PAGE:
Roy Roberts, Detroit Public Schools emergency manager, recently announced that the district’s deficit is less than $100 million, a decrease of $43 million in the last fiscal year. But for every step DPS takes, it is forced to take two more back. The positive news for Michigan’s largest school district comes at the same time as a threat of a $25.9 million fine due to attendance below state standards. Detroit schools should be given the opportunity to address the underlying causes of truancy instead of being fined — a practice that could exacerbate financial problems and hinder the educational system.
According to The Detroit News, DPS attendance was below the state-mandated 75 percent of the school’s student body on 46 days last school year. In contrast, Utica Community Schools and Dearborn Public Schools — Michigan’s second and third largest school districts respectively — never reached attendance below 75 percent last school year. A total of $680,000 in truancy fines was paid by DPS for the 2009-2010 school year, and officials expect to pay only a fraction of the $25.9 million estimate this year.
The Michigan Department of Education deducts fines from districts’ state aid based on how far attendance is below the 75 percent mark. Last year, average school attendance at DPS on Fridays was 71.2 percent. Though average attendance was above 75 percent Monday through Thursday, it was always below 80 percent. Veterans Day was a half-school day for the district, and DPS only recorded 50.7 percent student attendance — one of many half-days cited for excessive absences.
While the attendance fines are problematic, the actual truancy is a larger concern. Attendance percentages in the mid-70s cannot sustain an educational system. According to the National Center for School Engagement, experts have linked truancy with delinquency and dropping out of school. Students need to regularly attend classes in order to benefit from their education and prepare for their futures.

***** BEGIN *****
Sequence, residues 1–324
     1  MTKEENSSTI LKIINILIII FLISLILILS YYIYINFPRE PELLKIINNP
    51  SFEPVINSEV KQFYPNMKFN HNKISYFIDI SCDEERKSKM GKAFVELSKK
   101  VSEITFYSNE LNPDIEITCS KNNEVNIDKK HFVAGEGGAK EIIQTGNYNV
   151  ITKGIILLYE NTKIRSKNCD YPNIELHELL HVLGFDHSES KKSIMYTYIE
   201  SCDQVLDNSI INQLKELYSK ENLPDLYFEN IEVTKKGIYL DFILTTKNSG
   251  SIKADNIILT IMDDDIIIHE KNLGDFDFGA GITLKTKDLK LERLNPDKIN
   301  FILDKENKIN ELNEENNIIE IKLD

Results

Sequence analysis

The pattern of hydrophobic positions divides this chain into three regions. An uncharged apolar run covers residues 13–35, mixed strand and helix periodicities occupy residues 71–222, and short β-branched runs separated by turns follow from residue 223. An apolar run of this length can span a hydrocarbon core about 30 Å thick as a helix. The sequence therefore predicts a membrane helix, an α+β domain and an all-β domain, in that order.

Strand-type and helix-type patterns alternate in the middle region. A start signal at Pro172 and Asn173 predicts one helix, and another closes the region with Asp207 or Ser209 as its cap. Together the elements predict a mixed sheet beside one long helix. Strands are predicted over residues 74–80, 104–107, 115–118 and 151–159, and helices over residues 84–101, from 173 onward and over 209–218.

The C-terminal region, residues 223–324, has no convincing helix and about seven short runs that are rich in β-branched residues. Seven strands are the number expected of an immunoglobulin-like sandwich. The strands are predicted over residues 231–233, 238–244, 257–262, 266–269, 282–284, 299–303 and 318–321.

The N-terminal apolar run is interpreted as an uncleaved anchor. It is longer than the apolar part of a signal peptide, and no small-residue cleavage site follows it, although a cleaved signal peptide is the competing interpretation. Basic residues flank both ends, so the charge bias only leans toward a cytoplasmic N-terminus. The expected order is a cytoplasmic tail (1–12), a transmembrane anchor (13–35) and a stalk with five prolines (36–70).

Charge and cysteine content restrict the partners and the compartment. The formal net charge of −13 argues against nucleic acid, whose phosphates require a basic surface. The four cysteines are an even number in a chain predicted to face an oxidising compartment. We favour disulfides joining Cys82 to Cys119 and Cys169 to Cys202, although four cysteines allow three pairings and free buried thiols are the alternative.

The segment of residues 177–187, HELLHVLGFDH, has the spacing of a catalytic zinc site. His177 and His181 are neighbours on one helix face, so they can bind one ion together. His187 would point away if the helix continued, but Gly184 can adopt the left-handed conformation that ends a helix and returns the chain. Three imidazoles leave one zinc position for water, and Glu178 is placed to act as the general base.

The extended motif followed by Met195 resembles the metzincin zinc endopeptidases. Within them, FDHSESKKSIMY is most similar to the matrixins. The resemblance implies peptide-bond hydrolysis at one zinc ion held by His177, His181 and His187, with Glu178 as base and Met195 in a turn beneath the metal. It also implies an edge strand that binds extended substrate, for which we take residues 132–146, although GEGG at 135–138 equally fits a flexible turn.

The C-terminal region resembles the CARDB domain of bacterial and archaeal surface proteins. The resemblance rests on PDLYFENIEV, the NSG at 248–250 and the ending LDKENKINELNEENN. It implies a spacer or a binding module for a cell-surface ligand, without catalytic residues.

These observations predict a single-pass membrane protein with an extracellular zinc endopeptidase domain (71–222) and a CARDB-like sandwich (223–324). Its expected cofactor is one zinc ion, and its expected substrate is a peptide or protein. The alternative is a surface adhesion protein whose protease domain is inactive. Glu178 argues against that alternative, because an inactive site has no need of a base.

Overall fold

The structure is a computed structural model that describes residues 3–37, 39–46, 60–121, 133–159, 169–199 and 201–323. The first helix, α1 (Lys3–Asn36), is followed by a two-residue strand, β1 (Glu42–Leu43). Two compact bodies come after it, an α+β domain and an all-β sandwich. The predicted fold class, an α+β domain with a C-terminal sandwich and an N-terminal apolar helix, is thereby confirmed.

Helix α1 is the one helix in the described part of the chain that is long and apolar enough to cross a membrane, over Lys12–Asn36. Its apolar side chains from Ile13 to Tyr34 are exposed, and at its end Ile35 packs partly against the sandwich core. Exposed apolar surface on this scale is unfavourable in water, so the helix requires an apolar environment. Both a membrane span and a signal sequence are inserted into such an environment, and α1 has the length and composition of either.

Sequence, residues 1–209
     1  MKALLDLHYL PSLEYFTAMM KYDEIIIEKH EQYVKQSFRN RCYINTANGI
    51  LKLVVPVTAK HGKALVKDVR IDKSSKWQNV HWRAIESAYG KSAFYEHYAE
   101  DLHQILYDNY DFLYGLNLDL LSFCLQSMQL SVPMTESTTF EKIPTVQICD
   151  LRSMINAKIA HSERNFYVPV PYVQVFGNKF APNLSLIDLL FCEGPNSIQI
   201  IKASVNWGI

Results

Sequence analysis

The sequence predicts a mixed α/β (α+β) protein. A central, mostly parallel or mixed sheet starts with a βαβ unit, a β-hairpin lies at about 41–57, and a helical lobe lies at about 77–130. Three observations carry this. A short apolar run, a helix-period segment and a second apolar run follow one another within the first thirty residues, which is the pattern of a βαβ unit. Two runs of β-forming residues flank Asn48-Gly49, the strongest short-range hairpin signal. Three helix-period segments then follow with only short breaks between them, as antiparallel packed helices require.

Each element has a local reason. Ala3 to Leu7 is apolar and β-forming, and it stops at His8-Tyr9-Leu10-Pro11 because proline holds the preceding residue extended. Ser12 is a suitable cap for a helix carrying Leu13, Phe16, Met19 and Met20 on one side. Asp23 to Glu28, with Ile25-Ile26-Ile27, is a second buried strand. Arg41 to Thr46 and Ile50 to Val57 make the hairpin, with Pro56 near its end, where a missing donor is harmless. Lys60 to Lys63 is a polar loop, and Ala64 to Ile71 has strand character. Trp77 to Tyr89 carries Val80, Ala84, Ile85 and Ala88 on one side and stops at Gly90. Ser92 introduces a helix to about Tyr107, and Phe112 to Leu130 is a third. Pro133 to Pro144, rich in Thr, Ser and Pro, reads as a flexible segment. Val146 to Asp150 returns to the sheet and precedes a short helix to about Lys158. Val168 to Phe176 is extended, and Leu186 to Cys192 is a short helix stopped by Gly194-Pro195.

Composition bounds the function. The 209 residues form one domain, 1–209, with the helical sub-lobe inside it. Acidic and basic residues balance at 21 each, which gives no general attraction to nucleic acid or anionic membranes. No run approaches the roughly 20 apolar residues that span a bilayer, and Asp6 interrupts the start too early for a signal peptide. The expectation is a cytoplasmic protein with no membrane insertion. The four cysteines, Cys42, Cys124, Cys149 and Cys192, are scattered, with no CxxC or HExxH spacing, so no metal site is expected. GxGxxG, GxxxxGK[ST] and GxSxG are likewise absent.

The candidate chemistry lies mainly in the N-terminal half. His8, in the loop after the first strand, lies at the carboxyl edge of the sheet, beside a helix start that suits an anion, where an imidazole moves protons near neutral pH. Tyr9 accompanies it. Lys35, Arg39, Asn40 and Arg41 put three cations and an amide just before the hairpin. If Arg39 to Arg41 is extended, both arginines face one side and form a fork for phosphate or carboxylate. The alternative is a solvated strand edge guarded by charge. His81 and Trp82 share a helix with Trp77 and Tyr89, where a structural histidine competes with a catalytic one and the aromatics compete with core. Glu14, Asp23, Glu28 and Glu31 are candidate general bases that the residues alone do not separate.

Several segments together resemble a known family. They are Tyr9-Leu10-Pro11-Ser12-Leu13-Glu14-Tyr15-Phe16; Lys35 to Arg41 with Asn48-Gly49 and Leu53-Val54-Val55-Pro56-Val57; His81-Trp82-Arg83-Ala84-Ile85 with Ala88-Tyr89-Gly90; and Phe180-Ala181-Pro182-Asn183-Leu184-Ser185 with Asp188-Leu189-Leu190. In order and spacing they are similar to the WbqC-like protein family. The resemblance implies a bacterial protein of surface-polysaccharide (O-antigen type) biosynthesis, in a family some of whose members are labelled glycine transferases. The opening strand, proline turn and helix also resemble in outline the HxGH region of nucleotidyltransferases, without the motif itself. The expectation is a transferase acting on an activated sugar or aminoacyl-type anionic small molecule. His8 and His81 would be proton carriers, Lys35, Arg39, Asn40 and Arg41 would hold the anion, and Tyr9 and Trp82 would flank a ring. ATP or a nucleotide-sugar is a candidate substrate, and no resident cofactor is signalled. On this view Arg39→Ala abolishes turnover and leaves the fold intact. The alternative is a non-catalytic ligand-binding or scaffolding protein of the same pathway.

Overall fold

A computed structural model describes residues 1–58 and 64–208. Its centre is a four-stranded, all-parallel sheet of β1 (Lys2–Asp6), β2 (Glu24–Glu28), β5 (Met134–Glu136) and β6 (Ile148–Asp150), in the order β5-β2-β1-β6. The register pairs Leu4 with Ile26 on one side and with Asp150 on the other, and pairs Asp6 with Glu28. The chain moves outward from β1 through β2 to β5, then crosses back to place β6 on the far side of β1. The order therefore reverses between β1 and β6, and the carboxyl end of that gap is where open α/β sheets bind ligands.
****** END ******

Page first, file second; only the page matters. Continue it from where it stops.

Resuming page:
There are better ways to address truancy problems than limiting schools’ financial resources. It’s difficult to rationalize allocation of funds for absent students. However, cutting funding puts schools at a disadvantage to educate students. The fines also become punishments to students who are consistently attending school, since they suffer from funding cuts.
With class sizes increasing, few of Detroit’s teachers have the resources or time to follow up on absent students. The most important way DPS can address low attendance is to promote parent involvement. Parents should ensure that their children get to school each day and should notify teachers regarding absences and DPS should continue to increase communication with parents.
Schools can incentivize attendance through programs like Count Me In! — a before-school club that offers prizes to students with perfect attendance — and establish consequences for poor attendance. DPS should set achievable goals and encourage good record-keeping and continual evaluation to foster teacher involvement.
Already this year, DPS has seen improvement through enhanced parent communication programs. The attendance rate for the fifth day of school was 85 percent, compared to 69 percent in 2010, according to a report released by DPS. Attendance must remain a primary focus to ensure a better future for Detroit’s students, but the district needs the opportunity to work on these issues before its funding is cut.